Statutory open seasons (all dates inclusive)
Species and sex England & Wales Scotland Northern Ireland
Stag Aug 1 – April 30 ** Aug 1 – April 30
Hind Nov 1 – Mar 31 Oct 21 – Feb 15 Nov 1 – Mar 31
Buck Aug 1 – April 30 ** Aug 1 – April 30
Doe Nov 1– Mar 31 Oct 21 – Feb 15 Nov 1 – Mar 31
Stag Aug 1 – April 30 ** Aug 1 – April 30
Hind Nov 1 – Mar 31 Oct 21 – Feb 15 Nov 1 – Mar 31
Buck April 1 – Oct 31 **  n/a
Doe Nov 1 – Mar 31 Oct 21 – Mar 31  n/a
Red/sika hybrids
Stag Aug 1 – April 30 ** Aug 1 – April 30
Hind Nov 1 – Mar 31 Oct 21 – Feb 15 Nov 1 – Mar 31
Chinese water deer (only found in England)
Buck Nov 1 – Mar 31  n/a  n/a
Doe Nov 1 – Mar 31  n/a  n/a
All year round
* There is no statutory close season for this species. However, it is recommended that when culling female muntjac, immature or heavily pregnant does are selected to avoid leaving dependent young. ** There is no statutory close season for male deer of any species in Scotland.


The law regarding the killing and taking of deer differs throughout the UK. In both Scotland and Northern Ireland the legislation is different from that governing England and Wales.

In summary, the following are some of the more important provisions, but this is NOT to be taken as a complete or authoritative statement of the law.

Under the relevant deer legislation, you must NOT:

  • use anything except legal firearms and ammunition to kill deer;
  • shoot deer out of season unless authorised to do so;
  • shoot at night (one hour after sunset to one hour before sunrise), except under licence;
  • shoot from a moving vehicle, or use a vehicle to drive deer (vehicle includes aircraft);
  • sell venison in Northern Ireland, except to a licensed game dealer;
  • sell venison in Scotland, except to a licensed venison dealer.

There are some limited exceptions to some of the above points which enable occupiers, and authorised persons, to protect their crops and to enable anyone to carry out humane dispatch of an animal to prevent suffering.

The six deer species found wild in the UK

A red hindRed
A roe doeRoe
A fallow doeFallow
A female Chinese water deerChinese water deer
A hind sikaSika
A muntjac deer doeMuntjac

Firearms and ammunition

You must only use a rifle and ammunition which are legal for the species of deer being shot. In addition to compliance with the law, you should be guided by knowledge, experience and personal preference in your choice of a rifle and ammunition. The legal requirements are laid down in the respective deer legislation.
 Species Min bullet weight  Calibre  Min muzzle energy
Red, Fallow and Sika
England & Wales  n/a Not less than .240 inches 1,700 foot pounds
Scotland 80 grains  n/a 1,750 foot pounds (min muzzle velocity 2,450 feet per second)
N Ireland 100 grains Not less than .236 inches 1,700 foot pounds
England & Wales  n/a Not less than .240 inches 1,700 foot pounds
Scotland 50 grains  n/a 1,000 foot pounds (min muzzle velocity 2,450 feet per second)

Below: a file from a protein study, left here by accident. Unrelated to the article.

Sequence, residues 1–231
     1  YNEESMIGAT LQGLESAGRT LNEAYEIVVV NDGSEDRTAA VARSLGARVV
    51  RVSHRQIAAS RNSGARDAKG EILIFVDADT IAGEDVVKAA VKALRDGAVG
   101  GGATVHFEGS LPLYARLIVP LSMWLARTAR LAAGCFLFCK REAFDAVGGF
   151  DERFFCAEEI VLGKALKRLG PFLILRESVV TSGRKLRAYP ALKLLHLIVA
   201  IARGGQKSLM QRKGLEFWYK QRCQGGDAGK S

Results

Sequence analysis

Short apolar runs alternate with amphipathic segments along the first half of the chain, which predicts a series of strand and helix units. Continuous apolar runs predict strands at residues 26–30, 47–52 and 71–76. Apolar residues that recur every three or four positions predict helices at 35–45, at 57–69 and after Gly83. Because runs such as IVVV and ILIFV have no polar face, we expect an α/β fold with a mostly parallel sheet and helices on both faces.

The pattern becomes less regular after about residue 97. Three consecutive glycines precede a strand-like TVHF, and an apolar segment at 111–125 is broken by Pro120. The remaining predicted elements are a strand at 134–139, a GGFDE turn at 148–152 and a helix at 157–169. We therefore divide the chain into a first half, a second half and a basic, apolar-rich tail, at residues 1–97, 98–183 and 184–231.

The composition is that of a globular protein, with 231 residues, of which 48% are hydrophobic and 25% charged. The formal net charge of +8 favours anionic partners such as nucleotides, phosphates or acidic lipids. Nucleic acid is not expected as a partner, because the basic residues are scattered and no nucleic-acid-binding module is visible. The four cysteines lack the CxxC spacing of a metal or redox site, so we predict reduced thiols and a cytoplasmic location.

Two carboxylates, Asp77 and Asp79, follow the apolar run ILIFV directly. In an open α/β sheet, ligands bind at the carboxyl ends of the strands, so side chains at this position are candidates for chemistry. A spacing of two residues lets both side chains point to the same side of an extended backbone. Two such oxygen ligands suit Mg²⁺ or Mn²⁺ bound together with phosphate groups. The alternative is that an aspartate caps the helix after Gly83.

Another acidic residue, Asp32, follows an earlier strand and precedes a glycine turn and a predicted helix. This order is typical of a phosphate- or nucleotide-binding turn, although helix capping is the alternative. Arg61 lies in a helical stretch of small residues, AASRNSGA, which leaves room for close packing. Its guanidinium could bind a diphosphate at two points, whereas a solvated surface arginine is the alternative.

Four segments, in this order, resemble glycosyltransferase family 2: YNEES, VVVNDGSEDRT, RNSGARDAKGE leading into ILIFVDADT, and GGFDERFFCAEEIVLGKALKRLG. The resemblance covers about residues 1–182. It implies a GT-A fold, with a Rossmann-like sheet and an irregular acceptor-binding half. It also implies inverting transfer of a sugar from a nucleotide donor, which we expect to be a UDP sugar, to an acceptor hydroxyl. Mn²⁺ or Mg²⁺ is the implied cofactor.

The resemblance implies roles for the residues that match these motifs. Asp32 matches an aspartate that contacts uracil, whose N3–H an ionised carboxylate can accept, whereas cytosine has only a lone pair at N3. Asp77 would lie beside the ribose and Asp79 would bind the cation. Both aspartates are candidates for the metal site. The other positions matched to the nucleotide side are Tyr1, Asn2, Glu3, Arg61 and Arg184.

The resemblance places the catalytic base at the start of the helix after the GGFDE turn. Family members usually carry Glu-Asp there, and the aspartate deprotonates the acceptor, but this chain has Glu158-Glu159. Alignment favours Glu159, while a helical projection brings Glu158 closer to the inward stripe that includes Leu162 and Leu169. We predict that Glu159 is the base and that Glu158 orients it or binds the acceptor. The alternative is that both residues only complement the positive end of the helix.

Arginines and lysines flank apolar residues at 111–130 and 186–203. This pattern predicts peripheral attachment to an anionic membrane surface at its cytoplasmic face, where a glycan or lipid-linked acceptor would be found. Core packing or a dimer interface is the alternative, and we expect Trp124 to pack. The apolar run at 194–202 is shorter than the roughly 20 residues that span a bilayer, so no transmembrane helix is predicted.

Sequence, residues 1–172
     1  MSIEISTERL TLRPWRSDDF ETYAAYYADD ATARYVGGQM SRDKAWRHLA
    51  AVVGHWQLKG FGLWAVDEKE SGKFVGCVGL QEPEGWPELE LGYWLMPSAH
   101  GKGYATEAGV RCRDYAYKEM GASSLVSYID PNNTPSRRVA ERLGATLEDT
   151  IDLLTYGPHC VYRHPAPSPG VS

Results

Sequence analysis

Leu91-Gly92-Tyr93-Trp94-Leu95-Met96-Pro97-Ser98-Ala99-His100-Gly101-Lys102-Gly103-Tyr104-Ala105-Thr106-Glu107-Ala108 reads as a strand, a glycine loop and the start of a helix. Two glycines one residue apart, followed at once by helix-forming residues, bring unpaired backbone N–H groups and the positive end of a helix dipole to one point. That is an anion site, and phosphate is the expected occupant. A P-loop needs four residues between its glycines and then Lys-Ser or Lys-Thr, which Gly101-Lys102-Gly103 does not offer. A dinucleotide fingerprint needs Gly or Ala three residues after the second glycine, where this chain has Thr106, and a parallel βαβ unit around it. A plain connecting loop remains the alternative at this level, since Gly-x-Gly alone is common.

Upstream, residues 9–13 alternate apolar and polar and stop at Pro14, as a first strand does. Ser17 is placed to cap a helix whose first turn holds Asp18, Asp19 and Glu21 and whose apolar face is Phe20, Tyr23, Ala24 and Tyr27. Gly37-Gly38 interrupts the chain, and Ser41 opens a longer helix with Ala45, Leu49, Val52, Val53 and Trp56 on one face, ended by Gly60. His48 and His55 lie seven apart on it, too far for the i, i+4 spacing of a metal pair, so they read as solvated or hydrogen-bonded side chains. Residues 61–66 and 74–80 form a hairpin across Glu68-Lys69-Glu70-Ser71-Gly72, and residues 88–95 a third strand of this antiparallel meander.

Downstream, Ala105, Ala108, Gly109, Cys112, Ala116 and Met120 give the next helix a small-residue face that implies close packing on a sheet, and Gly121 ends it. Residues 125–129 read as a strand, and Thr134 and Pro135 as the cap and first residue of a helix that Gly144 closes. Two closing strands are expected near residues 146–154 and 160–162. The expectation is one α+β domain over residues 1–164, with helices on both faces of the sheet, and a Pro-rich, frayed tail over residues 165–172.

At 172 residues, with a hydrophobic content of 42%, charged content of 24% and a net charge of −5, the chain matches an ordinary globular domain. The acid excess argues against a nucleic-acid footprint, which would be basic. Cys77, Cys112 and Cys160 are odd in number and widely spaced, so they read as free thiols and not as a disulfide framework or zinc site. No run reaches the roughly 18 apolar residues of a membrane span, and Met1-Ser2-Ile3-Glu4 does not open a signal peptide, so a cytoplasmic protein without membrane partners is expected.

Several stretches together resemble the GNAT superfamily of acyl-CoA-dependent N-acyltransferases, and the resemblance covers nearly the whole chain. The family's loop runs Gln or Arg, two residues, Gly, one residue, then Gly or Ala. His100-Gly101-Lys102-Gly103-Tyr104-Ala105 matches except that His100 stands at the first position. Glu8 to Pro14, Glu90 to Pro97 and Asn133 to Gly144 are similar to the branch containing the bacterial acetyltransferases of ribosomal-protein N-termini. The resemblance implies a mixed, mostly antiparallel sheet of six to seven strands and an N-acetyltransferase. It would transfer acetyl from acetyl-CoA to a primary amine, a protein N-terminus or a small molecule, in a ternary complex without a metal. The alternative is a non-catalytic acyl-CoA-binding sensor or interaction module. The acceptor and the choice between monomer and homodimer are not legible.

N Ireland 100 grains Not less than .236 inches 1,700 foot pounds
Muntjac and Chinese water deer 
England & Wales 50 grains Not less than .220 inches 1,000 foot pounds
Scotland 80 grains  n/a 1,750 foot pounds (min muzzle velocity 2,450 feet per second)
N Ireland 50 grains Not less than .220 inches 1,000 foot pounds
It must be stressed that all these figures are the minimum legal requirement. For all deer stalking the bullet must be of a type designed to expand/deform on impact.

Other equipment and aids

A responsible stalker should always have:
  • a telescope or binoculars;
  • a knife of appropriate design – with finger guard, an impervious handle and sheath;
  • sterile gloves or hand sanitiser to ensure hygienic carcass handling;
  • sufficient ammunition for stalking and any necessary further dispatch;
  • a hand or head torch, if stalking in the evening, to look for hair or blood signs and to assist with safe gralloching and extraction;
  • a means of extracting the carcass hygienically;
  • a bipod or sticks of an appropriate design to aid standing, sitting, kneeling and prone shots;
  • means of communication for emergency contact;
  • a first aid kit.


You should aim to gain knowledge and experience both in the practice of stalking and in the ecology of deer. This can be gained either through recognised training courses, the guidance of an experienced stalker or, ideally, a combination of both. You can demonstrate a level of competence through attainment of the DMQ Deer Stalking Certificates 1 and 2 available from BASC and the BDS amongst other training organisations.

BASC and the BDS provide a wide variety of training related to deer and firearms use. Consult our websites for further information.


It is strongly advisable to have adequate legal liability (third party) insurance when stalking. This is often a condition of stalking permissions. Membership of BASC and the BDS currently offers various insurance options. Contact the individual organisation for further details.

Further information


This Code of Practice was produced jointly by the British Association for Shooting and Conservation and the British Deer Society.

The British Association for Shooting & Conservation
Marford Mill
LL12 0HL
Tel: 01244 573 000

The British Deer Society
The Walled Garden, Burgate Manor
Tel: 01425 655 434

Further information can be found at:

Deer Management Qualifications – dmq.org.uk

NatureScot for Scottish Best Practice – bestpracticeguides.org.uk

The Deer Initiative Partnership for England & Wales Best Practice – thedeerinitiative.co.uk

Food Standards Agency – food.gov.uk

Food Standards Scotland – foodstandards.gov.scot

UK Deer Track & Recovery – UKDTR – ukdtr.co.uk